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Tension Builds in Washington and Charleston

Washington has been developing the somewhat eerie feel of a ghost town over the past few weeks and months, and to make matters worse one finds evidence of official insecurity spreading outward from the White House. Snipers have been seen in the foliage on the grounds of the modest Presidential palace and careful attention perceives increased security throughout the town.

War seems increasingly inevitable, and may well begin with an attempt by the South to take Washington. This writer has received information that Varina Davis, wife of Jefferson Davis, President of the so-called Confederate States of America, has invited her New York society friends to attend her reception in the White House on May 1.

Is an attack on Washington coming? Attentive parties are well aware that, of the 16,000 troops in the US Army, over half are west of the Mississippi and are occupied with the Indians. Reports indicate that President Lincoln might have fewer than 1000 troops to defend the city. Meanwhile, Southern sympathizers in Maryland and Virginia – and in the capital itself – have been observed openly practicing military maneuvers.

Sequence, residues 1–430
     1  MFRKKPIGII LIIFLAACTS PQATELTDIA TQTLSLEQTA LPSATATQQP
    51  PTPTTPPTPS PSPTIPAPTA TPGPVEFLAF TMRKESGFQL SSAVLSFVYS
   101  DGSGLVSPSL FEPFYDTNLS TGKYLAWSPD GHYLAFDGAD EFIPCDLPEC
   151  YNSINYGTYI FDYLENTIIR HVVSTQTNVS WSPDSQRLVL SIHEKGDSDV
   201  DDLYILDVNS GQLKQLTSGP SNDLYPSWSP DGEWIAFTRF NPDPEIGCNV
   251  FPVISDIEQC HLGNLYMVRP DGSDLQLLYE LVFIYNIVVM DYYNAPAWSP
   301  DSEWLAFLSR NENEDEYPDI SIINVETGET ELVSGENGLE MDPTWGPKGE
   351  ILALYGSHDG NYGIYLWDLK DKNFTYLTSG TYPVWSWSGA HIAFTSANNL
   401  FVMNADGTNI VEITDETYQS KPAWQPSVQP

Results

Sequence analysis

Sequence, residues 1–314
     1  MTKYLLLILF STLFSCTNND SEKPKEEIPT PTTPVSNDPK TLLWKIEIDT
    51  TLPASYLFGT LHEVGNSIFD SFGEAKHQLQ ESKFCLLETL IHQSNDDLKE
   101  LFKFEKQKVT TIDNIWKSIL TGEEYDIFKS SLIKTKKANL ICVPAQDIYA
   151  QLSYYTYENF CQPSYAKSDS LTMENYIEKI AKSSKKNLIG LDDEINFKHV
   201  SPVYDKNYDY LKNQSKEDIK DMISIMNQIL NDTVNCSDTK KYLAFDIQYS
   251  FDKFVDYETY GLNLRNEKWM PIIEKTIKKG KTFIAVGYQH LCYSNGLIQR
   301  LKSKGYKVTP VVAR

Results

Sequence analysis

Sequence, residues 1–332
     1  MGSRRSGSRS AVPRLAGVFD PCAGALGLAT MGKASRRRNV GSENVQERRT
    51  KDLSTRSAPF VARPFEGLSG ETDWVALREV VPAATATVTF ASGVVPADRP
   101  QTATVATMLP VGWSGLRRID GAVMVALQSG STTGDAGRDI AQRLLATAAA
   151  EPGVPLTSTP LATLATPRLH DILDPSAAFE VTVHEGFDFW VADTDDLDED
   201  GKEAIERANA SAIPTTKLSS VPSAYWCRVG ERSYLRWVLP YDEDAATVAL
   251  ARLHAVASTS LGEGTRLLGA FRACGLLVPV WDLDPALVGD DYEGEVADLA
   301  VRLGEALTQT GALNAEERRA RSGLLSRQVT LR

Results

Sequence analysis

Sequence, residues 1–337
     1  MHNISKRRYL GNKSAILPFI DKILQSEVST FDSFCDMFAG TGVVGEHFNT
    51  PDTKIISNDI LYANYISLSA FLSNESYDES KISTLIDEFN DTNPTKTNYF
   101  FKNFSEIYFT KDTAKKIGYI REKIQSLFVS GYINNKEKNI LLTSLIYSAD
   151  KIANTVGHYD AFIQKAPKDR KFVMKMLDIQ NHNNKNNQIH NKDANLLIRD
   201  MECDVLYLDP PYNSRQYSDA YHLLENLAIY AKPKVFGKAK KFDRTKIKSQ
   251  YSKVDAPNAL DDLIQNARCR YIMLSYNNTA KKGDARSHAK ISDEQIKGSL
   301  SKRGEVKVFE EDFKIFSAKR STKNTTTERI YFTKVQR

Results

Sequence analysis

Related reports argue that an attack on Fort Sumter is inevitable because it would be the signal, from Mr. Davis, to his sympathizers to rise up in Washington and to take the capital.

While Washington is not a secure city and could be taken rather easily by a determined foe, President Lincoln does have the support of General Scott, Colonel Stone (who placed guards on the Anacosta and Potomac in January) and at least some state governors. For example, Governor Andrew of Massachusetts has made his militia available to President Lincoln in case of an attack.

The tension in Washington seems to grow daily, and may be best personified by the untended appearance of the many empty homes, abandoned by southerners who left between the election and inauguration of President Lincoln. We hope that the ominous feel of a ghost town will never become more than a mere feeling.

Cicero for Republican Government
April 8, 1861

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